People who ate lots of salt were not more likely to get high blood pressure, and were less likely to die of heart disease than those with a low salt intake, in a new European study.
The findings “certainly do not support the current recommendation to lower salt intake in the general population,” study author Dr. Jan Staessen, of the University of Leuven in Belgium, told Reuters Health.
Current salt guidelines, including those released by the U.S. government in January, are based on data from short-term studies of people who volunteered to be assigned to a low-salt or high-salt diet, Staessen said.
The U.S. guidelines recommend that Americans consume less than 2,300 milligrams of salt daily – 1,500 mg in certain people who are more at risk for high blood pressure or heart disease.
You may have noticed that, much like other conservatives, doctors are generally resistant to new information like this.
STOCKHOLM — The ice of Greenland and the rest of the Arctic is melting faster than expected and could help raise global sea levels by as much as 5 feet this century, dramatically higher than earlier projections, an authoritative international assessment says.
The findings “emphasize the need for greater urgency” in combating global warming, says the report of the Arctic Monitoring and Assessment Program (AMAP), the scientific arm of the eight-nation Arctic Council.
The warning of much higher seas comes as the world’s nations remain bogged down in their two-decade-long talks on reducing emissions of carbon dioxide and other greenhouse gases blamed for global warming.
Rising sea levels are expected to cause some of global warming’s worst damage — from inundated small islands to possible flooding of New York City’s subways. Oceans will not rise uniformly worldwide, because of currents, winds and other factors, but such low-lying areas as Bangladesh and Florida will likely be hard-hit.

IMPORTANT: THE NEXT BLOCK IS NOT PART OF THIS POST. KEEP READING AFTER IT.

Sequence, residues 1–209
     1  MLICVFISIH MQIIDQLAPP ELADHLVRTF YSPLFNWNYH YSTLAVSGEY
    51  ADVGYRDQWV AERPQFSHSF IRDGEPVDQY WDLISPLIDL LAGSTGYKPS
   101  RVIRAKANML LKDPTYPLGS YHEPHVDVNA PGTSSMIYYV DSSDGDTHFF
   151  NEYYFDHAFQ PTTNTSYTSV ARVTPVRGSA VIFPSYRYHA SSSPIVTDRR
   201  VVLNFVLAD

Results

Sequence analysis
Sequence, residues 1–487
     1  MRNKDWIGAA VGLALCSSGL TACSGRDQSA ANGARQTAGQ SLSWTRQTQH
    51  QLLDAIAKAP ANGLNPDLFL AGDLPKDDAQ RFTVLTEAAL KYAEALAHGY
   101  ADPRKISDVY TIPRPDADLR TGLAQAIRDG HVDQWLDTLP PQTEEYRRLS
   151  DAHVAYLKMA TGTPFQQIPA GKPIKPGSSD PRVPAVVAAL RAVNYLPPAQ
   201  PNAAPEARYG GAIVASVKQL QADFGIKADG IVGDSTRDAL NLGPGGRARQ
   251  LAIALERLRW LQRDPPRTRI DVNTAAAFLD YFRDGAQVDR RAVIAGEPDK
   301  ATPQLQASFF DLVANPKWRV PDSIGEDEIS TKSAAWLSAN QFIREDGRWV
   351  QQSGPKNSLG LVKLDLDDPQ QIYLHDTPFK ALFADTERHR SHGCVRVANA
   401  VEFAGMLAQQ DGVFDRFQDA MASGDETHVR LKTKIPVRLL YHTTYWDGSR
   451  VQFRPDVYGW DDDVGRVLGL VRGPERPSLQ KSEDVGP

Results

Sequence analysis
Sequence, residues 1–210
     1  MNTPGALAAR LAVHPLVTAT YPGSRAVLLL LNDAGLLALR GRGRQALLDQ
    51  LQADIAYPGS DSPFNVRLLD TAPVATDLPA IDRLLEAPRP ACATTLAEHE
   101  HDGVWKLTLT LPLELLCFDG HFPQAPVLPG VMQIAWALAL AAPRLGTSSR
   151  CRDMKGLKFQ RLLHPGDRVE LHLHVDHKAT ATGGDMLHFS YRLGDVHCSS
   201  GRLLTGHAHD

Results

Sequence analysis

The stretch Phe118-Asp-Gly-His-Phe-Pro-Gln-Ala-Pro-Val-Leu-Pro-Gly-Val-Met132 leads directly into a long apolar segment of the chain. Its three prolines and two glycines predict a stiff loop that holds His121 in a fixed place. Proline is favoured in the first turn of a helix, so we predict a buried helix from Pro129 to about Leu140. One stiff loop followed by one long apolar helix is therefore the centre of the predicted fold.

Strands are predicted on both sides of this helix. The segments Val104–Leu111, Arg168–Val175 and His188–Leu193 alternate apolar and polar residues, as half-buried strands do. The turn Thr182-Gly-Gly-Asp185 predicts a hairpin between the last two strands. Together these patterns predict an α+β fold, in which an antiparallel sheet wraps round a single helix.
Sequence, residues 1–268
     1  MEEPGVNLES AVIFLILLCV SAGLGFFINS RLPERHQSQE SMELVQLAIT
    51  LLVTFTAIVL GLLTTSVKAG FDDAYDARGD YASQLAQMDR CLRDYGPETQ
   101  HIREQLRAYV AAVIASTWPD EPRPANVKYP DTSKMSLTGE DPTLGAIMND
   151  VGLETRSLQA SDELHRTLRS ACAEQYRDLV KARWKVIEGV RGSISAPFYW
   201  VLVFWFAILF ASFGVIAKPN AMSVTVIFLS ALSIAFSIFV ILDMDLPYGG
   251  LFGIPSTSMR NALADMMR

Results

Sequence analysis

The new report, whose executive summary was obtained by The Associated Press, is to be delivered to U.S. Secretary of State Hillary Rodham Clinton and foreign ministers of the other seven member nations at an Arctic Council meeting next week in Greenland. It first will be discussed by some 400 international scientists at a conference this week in Copenhagen, Denmark.
Drawing on improved research techniques and recent scientific papers, the AMAP report updates forecasts made by the U.N.’s expert panel on climate change in its last major assessment in 2007.
The Obama administration is seeking to use the killing of Osama bin Laden to accelerate a negotiated settlement with the Taliban and hasten the end of the Afghan war, according to U.S. officials involved in war policy.
Administration officials believe it could now be easier for the reclusive leader of the largest Taliban faction, Mohammad Omar, to break his group’s alliance with al-Qaeda, a key U.S. requirement for any peace deal. They also think that bin Laden’s death could make peace talks a more palatable outcome for Americans and insulate President Obama from criticism that his administration would be negotiating with terrorists.
“Bin Laden’s death is the beginning of the endgame in Afghanistan,” said a senior administration official who, like others interviewed for this article, spoke on the condition of anonymity to discuss internal policy deliberations. “It changes everything.”